Comment: To some, sermonising is a sin, but Christians still value the preacher
Sermons, history shows, can be among the most revolutionary forms of human speech. From John Calvin to Billy Graham, preaching has had the power to topple princes, to set nation against nation, to inspire campaigners to change the world and impel people to begin life anew.
Comment: Freedom must apply to all faiths and none
The Christian’s right to wear a cross must be defended as fiercely as any other religious liberty.
Globalisation & Development
UN pledges more troops for Haiti
The United Nations will hold an urgent vote today to send 2,000 more troops and 1,500 extra police to protect Haiti's aid convoys from lawless gangs roaming the quake-hit streets.
Row over US 'occupation' of Haiti
A French minister has called for a United Nations investigation into the dominant US role in Haiti, saying international aid efforts are about helping the quake-stricken country, not "occupying" it.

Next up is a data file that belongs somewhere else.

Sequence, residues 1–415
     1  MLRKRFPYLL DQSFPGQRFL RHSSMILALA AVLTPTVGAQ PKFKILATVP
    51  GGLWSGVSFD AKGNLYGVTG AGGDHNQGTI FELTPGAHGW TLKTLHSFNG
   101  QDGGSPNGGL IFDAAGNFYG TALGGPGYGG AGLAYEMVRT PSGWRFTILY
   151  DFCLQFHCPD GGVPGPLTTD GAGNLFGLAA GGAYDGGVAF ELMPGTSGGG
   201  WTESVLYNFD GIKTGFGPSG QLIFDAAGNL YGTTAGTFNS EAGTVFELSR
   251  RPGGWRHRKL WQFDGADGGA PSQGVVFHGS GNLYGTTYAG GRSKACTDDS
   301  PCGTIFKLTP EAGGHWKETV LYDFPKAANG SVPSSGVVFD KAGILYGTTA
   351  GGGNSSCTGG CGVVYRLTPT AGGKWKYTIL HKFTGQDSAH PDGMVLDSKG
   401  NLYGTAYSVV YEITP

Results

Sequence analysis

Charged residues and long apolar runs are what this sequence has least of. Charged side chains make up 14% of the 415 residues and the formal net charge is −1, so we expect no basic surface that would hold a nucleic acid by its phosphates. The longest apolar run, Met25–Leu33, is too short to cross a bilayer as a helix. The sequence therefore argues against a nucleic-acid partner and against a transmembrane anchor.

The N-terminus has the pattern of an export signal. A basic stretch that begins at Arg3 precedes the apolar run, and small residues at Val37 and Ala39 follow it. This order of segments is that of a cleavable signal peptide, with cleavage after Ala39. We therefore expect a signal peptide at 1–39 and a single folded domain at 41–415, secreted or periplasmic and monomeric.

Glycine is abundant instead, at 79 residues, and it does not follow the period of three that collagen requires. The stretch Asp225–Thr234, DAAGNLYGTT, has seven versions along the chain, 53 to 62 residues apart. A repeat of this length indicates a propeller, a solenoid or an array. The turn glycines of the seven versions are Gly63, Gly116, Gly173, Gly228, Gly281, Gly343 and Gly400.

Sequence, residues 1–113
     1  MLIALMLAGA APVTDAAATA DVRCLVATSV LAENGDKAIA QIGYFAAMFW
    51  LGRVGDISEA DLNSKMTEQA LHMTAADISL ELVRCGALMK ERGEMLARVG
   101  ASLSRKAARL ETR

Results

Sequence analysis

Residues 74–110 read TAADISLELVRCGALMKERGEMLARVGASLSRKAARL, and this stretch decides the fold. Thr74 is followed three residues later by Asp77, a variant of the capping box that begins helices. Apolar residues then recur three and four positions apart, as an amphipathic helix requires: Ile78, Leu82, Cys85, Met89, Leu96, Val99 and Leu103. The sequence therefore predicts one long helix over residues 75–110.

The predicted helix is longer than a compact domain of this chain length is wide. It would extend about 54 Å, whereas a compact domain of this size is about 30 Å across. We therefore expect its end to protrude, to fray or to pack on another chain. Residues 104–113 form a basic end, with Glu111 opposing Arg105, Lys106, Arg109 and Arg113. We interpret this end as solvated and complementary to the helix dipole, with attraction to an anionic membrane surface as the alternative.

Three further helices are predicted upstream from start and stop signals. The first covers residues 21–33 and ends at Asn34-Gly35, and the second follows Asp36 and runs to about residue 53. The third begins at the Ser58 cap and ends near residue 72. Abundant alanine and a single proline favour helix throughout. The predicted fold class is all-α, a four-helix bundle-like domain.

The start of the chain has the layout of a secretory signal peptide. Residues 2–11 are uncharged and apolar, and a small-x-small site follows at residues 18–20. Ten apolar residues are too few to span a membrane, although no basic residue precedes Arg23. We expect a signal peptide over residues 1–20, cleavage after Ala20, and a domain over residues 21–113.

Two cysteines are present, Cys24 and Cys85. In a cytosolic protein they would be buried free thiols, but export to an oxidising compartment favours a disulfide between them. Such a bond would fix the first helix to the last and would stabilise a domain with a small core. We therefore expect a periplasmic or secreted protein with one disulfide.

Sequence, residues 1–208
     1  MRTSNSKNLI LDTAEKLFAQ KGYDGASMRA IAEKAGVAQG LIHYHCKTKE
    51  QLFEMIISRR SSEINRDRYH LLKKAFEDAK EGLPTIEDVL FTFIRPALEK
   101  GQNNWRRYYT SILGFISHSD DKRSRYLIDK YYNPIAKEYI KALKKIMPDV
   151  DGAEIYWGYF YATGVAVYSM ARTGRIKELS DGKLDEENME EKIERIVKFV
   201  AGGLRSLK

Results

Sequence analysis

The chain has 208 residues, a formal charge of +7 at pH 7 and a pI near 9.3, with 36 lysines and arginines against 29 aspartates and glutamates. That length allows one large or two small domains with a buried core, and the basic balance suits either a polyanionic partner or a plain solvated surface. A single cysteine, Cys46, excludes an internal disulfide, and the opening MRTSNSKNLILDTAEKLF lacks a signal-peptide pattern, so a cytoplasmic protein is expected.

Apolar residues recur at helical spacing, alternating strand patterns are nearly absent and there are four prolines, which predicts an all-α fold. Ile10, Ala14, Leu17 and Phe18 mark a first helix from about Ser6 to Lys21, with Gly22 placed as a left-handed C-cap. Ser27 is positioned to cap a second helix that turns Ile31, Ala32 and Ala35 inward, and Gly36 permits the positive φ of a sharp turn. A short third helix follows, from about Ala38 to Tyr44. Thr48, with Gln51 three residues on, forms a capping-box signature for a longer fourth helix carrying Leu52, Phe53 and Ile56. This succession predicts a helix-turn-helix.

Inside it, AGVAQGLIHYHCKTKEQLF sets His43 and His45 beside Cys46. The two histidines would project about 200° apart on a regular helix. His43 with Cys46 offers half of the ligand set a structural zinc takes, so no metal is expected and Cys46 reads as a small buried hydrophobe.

Comment: A time to break silence
We must move past indecision to action. We must find new ways to speak for peace and justice in the developing world.
Comment: Haiti is real life, not an episode of Thunderbirds
Do we really expect heroes to swoop from the skies? It’s far too easy to criticise the rescue from the ignorance of home.
Peace & War
Taliban storm Kabul with wave of suicide bombings
Fighting raged across downtown Kabul yesterday after a group of Taliban militants equipped with suicide vests and automatic weapons attacked major buildings in the city centre, including the presidential palace, in one of their most ambitious assaults.
Iraq inquiry: war on the 'assumption' of WMDs
Britain went to war with Iraq on the “assumption” Saddam Hussein had weapons of mass destruction, admitted a top Blair aide yesterday.
Military strength vital: Navy chief
The head of the Royal Navy is set to warn that Britain must maintain its military capabilities if it is to retain its influence in the world.
Race & Identity
Comment: Nothing liberal about defending burkas